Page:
The police are likely to remove the dart once they realise what it is. They'll send it for toxicological analysis when they get a chance.
Quote:
- An unusual looking ball point pen, also made of strange materials
That may puzzle them for a bit. Ball point pens will not be commercialised for another three decades.
Quote:
Originally Posted by tanksoldier View Post
The Webley is a revolver
Webley are best-known for revolvers, but made a large variety of guns and airguns. Their self-loading pistols were not the greatest, but they were good enough to be adopted by the Metropolitan Police.
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Old 07-01-2018, 08:06 AM   #4
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Default Re: Help with the Actions of an NPC

Quote:
Originally Posted by DAT View Post
Question 3: Depending on what search you did and what you found, what do you (the Chief Inspector) think is going on?
Something weird, is obvious.
Quote:
Question 4: What do you (the Chief Inspector) do with the poor unconscious man?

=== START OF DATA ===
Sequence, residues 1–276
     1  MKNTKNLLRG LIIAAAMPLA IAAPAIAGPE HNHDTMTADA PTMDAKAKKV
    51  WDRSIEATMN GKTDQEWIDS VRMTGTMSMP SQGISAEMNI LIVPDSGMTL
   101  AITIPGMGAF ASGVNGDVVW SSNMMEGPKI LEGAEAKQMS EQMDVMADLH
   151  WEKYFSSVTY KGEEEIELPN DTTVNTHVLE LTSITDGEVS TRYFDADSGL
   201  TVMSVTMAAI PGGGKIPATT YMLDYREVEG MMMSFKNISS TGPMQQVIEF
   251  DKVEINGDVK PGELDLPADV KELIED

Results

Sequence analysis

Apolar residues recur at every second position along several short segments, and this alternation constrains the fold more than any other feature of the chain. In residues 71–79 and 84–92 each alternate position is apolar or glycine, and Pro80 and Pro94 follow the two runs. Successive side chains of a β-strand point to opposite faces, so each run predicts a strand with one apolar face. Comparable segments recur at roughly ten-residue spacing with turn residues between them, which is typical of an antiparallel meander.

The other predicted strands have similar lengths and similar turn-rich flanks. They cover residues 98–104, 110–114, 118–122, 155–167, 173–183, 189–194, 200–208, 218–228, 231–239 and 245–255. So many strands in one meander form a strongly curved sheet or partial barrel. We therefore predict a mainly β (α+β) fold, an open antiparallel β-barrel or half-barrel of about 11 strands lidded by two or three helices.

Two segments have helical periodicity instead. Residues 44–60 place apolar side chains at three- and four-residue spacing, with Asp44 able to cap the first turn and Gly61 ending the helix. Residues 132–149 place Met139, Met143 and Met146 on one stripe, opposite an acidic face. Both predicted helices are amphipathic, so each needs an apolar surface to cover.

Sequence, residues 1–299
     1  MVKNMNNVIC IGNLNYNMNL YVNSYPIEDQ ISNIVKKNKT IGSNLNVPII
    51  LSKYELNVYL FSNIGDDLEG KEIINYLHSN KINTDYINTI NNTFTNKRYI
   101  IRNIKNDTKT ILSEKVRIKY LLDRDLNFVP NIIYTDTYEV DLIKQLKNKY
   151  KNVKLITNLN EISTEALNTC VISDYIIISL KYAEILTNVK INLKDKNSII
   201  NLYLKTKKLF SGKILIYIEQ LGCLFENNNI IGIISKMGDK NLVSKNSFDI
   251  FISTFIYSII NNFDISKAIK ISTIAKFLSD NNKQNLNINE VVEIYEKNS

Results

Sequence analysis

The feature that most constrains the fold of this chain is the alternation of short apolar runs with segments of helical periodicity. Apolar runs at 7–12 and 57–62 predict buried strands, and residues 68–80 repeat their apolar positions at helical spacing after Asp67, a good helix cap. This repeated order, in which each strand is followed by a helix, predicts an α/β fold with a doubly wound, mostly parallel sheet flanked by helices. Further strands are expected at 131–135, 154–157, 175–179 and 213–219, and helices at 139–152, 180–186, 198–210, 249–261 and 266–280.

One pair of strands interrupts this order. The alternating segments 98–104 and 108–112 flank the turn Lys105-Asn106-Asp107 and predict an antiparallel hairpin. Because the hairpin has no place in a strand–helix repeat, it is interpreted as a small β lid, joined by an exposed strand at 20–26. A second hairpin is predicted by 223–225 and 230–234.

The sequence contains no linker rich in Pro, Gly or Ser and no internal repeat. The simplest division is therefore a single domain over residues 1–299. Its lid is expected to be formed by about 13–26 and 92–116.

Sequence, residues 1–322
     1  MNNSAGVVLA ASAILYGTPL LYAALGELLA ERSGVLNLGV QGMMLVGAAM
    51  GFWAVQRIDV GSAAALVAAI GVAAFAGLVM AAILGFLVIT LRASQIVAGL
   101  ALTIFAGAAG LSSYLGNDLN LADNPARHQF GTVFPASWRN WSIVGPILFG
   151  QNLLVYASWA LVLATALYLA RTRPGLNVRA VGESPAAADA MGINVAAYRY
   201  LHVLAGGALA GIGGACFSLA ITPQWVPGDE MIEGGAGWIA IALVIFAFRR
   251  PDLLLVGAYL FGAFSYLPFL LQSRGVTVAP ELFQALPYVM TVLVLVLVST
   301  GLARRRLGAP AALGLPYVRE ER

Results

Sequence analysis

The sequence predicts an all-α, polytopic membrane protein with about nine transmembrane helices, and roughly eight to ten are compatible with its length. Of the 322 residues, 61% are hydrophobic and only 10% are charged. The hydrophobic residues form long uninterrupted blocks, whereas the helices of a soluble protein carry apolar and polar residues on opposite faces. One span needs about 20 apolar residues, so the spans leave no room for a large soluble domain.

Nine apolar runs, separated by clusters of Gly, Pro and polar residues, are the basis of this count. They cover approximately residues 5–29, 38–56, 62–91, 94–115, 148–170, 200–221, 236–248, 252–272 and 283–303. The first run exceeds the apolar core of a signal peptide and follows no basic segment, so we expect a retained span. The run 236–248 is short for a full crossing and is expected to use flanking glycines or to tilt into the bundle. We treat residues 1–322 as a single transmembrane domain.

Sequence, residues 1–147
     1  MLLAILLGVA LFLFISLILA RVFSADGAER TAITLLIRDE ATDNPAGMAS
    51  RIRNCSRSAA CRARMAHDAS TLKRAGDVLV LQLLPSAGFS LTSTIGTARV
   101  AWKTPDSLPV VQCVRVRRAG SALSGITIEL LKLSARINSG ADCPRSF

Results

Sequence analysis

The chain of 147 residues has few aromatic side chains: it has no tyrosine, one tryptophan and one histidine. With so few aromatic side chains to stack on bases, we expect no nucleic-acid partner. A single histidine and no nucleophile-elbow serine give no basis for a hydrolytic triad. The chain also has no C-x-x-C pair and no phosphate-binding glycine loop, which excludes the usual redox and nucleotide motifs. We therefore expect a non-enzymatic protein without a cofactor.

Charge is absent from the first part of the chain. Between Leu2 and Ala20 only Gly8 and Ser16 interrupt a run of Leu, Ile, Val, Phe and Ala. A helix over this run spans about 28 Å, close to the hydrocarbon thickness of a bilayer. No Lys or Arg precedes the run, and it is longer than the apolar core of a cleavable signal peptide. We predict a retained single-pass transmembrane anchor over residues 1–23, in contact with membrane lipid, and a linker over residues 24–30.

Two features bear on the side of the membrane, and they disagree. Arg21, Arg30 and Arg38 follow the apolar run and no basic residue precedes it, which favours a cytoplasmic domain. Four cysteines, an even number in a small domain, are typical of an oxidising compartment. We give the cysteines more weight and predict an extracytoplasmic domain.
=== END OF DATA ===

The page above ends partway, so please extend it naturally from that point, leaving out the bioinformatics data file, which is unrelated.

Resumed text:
Tanksoldier's suggestion of handing him over to the security services makes perfect sense. He'd be a matter for MI5, and they'd put him in nursing care, wait for him to wake up, and ask him questions. They're definitely capable of subtlety, although they may well jump to conclusions based on his language and accent.
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Old 07-01-2018, 11:44 AM   #5
DAT
 
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Default Re: Help with the Actions of an NPC

Quote:
Originally Posted by tanksoldier View Post
Despite what Sherlock Holmes may think, a Chief Inspector isn't stupid... but he is constrained by his time and place in history, tho not as constrained as you might think.
Agree, he isn't stupid. The challenge is capturing the right amount of curiosity and out of the box thinking.

Quote:
Originally Posted by tanksoldier View Post
The dart in the victim's neck, whatever it's origin or appearance, can be assumed to be the cause of his troubles... and by extension some kind of toxin is involved. Getting him to _A_ doctor now would be more important than getting him to the best doctor ten minutes from now, if he dies any attempts at secrecy and so on would be pointless anyway... and he may simply be a victim of common crime. People went to doctors, and doctors came to them, far more often than they went to hospital. hat happened would depend on what was quickest: taking him to a police station and summoning a physician, taking him to the physician's residence or whatever.
The collapsed man presenting with a strong pulse and regular breath made me question which option the Chief Inspector would consider.

Quote:
Originally Posted by tanksoldier View Post